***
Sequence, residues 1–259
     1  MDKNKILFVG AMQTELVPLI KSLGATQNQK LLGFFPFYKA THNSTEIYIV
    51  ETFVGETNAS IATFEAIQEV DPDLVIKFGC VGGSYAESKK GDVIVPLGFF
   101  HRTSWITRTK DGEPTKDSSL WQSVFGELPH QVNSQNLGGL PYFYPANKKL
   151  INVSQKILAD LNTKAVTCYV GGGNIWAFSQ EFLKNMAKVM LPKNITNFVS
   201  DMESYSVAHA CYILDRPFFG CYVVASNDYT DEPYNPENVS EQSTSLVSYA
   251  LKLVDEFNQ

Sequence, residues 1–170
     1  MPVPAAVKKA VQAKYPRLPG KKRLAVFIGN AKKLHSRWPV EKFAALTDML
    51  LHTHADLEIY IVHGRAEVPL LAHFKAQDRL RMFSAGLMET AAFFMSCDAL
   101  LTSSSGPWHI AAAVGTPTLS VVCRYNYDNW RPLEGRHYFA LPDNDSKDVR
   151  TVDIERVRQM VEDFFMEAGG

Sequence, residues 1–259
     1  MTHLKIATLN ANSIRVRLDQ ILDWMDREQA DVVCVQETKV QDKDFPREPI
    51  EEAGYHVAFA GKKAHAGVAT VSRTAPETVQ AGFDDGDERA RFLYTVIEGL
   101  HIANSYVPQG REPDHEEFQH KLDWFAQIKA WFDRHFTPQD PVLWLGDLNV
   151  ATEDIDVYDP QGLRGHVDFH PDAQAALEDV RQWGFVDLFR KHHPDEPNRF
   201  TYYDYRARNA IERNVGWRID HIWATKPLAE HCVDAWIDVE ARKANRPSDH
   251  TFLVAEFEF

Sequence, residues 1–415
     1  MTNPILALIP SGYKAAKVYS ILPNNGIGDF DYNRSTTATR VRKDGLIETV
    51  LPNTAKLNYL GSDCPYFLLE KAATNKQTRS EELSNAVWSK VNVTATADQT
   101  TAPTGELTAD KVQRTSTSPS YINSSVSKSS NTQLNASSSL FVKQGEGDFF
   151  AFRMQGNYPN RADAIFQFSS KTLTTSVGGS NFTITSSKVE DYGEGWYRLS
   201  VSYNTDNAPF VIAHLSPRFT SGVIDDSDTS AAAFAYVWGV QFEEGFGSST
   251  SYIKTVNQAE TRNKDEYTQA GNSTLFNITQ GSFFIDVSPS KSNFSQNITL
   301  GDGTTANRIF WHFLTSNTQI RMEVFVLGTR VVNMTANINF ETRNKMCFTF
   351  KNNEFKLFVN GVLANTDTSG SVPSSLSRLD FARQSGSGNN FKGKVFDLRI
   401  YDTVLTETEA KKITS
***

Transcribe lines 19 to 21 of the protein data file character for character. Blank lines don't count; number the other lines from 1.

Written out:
   251  TFLVAEFEF

Sequence, residues 1–415
     1  MTNPILALIP SGYKAAKVYS ILPNNGIGDF DYNRSTTATR VRKDGLIETV